Bone Measurements

Areal BMD at the proximal femur and its subregions was measured by DXA in both study populations using a Hologic QDR-4500W densitometer (Hologic Inc., Bedford, MA). Volumetric BMD at the non-dominant forearm and left tibia was measured by pQCT using an XCT-2000 scanner (Stratec Medizintechnik, Pforzheim, Germany). Technicians followed stringent protocols for patient positioning and scanning. A scout view was obtained prior to the pQCT scan to define an anatomic reference line for the relative location of the subsequent scans (4% and 33% of the total length) at the radius and tibia. Tibia length was measured from the medial malleolus to the medial condyle of the tibia, and forearm length was measured from the olecranon to the ulna styloid process. A single axial slice of 2.5 mm thickness with a voxel size of 0.5 mm and a speed of 20 mm/s was taken at all locations. Image processing was performed using the Stratec software package (Version 5.5E). To determine the trabecular vBMD (mg/cm3) at the 4% site of the radius and tibia, identical parameters for contour finding and separation of trabecular and cortical bone were: contour mode 2, Threshold=169 mg/cm3; peel mode 1, area=45%. To determine the cortical vBMD (mg/cm3) at the 33% site of the radius and tibia, identical parameters were: mode 2, Threshold=169 mg/cm3; cortmode 1, Threshold=710 mg/cm3. The short-term in vivo precision of the pQCT measurements for 15 subjects ranged from 0.65% (for cortical density at the tibia) to 2.1% (for trabecular density at the tibia).

Other Measures

Physical characteristics were measured by clinic staff. Body weight was measured in kilograms with participants wearing light clothing and without shoes using a calibrated balance beam scale. Height was measured in centimeters without participants wearing shoes using a stadiometer. Two to four height measurements were made and the average used in analysis.


Genotyping was performed using a pre-designed TaqMan SNP assay (Applied Biosystems, Foster City, CA). Genotyping was completed on genomic DNA according to the manufacture’s protocol on a 7900HT Fast Real-Time PCR system (Applied Biosystems, Foster City, CA). The reactions were cycled with standard TaqMan conditions (95°C for 10 min, 45 cycles of 95°C for 15 sec and 60°C for 1 min, and final cool down to 4°C). The genotypes were called with the Applied Biosystems SDS 2.2.2 software package. The average genotyping completeness rate was 95.6% and the average genotyping consensus rate among the 8.86% blind replicate samples was 99.2%, for both studies. Genotypes were in Hardy-Weinberg equilibrium in both study populations (p>0.05).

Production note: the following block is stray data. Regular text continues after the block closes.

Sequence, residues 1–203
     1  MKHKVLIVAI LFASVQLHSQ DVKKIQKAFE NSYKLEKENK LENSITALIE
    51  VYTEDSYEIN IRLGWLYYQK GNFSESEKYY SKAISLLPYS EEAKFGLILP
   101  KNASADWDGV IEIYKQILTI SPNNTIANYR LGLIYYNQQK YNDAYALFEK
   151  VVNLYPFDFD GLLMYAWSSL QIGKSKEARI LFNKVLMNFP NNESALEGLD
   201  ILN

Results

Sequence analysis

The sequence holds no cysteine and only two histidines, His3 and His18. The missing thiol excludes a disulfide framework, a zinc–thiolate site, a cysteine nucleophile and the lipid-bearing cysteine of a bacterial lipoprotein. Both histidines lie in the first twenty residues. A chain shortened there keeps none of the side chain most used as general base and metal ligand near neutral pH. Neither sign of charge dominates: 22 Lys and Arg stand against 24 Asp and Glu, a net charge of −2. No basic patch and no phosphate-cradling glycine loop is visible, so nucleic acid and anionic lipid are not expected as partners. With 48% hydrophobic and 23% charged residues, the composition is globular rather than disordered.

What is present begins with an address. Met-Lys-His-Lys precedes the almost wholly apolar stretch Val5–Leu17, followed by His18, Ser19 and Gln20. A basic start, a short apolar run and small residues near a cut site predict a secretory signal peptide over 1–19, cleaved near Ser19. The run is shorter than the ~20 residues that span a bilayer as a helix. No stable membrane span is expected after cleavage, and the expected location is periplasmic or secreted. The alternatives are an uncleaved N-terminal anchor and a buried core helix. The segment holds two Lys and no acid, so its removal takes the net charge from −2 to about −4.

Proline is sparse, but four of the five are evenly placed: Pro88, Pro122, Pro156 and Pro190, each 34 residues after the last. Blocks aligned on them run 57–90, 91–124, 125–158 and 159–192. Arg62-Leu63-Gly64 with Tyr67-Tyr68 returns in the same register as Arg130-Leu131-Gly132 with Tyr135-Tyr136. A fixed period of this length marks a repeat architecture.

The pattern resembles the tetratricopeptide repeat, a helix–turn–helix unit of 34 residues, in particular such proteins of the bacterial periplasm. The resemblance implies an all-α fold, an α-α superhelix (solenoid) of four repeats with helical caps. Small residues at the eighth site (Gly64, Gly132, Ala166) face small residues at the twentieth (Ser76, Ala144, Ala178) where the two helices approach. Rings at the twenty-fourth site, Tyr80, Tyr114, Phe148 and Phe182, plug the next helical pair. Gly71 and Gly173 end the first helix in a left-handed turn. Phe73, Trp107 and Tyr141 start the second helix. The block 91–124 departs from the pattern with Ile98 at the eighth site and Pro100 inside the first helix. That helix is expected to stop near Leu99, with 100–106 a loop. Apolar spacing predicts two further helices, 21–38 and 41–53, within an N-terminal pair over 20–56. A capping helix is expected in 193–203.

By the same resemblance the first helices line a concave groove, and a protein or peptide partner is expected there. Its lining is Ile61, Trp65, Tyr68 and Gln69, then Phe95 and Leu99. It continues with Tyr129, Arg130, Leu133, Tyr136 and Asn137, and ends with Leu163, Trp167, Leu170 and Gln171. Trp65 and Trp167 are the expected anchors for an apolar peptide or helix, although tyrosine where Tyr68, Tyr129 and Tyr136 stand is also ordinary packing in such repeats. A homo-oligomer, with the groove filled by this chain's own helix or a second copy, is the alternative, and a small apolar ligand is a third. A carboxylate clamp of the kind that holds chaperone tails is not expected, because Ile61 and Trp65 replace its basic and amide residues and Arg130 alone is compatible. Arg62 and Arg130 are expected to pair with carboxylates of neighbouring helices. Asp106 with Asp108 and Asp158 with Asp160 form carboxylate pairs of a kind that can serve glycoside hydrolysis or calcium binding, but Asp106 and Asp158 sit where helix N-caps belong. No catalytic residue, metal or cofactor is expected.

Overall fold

Cell Culture

The human adult osteoblast-like cell lines MG63, SaOS-2, HOS and U2-OS were cultured in RPMI medium 1640 with L-Glutamine and 10% fetal bovine serum (v/v) (Invitrogen; Carlsbad, CA). The human fetal osteoblast cell line hFOB was cultured in a 1:1 mixture of DMEM and F12 medium supplemented with 10% fetal bovine serum (v/v) (Invitrogen; Carlsbad, CA). Penicillin/Streptomycin was included in all culture media at a concentration of 2units/mL. The cell cultures were maintained at 37°C in a humidified chamber with 5% CO2.

Real-time Quantitative PCR

MG63, SaOS-2, HOS, U2-OS and hFOB were cultured to sub-confluence (~80–90%) and used for total RNA isolation with Trizol reagent (Invitrogen, Carlsbad, CA) according to the manufacturer’s instructions. Total RNA samples were analyzed using a Nanodrop spectrophotometer (Nanodrop Products, Wilmington, DE). Reverse transcription was performed using 2.5 μg of total RNA and random hexamer with SuperScript III reverse transcriptase according to the manufacturer’s instructions (Invitrogen, Carlsbad, CA). For real time quantitative PCR, the cDNA product was analyzed in a 10 μl reaction containing 0.5 μM of HMGA2 primer/probes (Hs00971725_m1) and 2x Universal Master Mix according to the Manufacturer’s instructions (Applied Biosystems, Foster City, CA). Amplification was conducted on a 7900HT Fast Real-Time PCR system (Applied Biosystems. Foster City, CA) with the following PCR conditions: 50 °C for 2 min, 95 °C for 10 min, 40 cycles at 94 °C for 15 s, and 60 °C for 1 min. HMGA2 expression was normalized to human GAPDH expression level. All reactions were run in duplicate. No template and no reverse transcriptase controls were performed simultaneously. Expression of HMGA2 in ΔCt was obtained using ΔCt = CtHMGA2-Ct GAPDH for each cell line. Relative level of expression (ΔΔCt) of each cell line was calculated by comparing ΔCt to the ΔCt of HOS (ΔΔCt = ΔCt target cell − ΔCt HOS).

Western blot analysis

Ten μg of total protein isolated from cells at sub-confluence were resolved by SDS-PAGE, transferred to nitrocellulose and analyzed by standard immunoblotting using HRP-conjugated secondary antibody and chemiluminescence detection (Pierce Biotechnology, Rockford, IL). Rabbit polyclonal anti-HMGA2 (HMG1-C) antibody was used (Sc-30223 Santa-Cruz Biotechnology; Santa Cruz, CA). The expression of β-actin was analyzed to demonstrate the amount of total protein in each sample.

Statistical analysis

Associations with bone phenotypes were tested assuming additive and recessive inheritance models using linear regression or analysis of covariance (ANCOVA). Allele frequencies were determined by gene counting and Hardy-Weinberg equilibrium was tested by a goodness of fit statistic. For the additive model, a linear regression model was constructed to test if 0, 1, or 2 minor alleles were associated with bone phenotypes. The continuous phenotypes were regressed on the allele count (0, 1, 2). For the recessive inheritance model, ANCOVA was used to test the association between genotype and phenotype. All models were adjusted for age. Statistical analysis was performed using the Statistical Analysis System (SAS 9.1; SAS Institute, Cary, NC).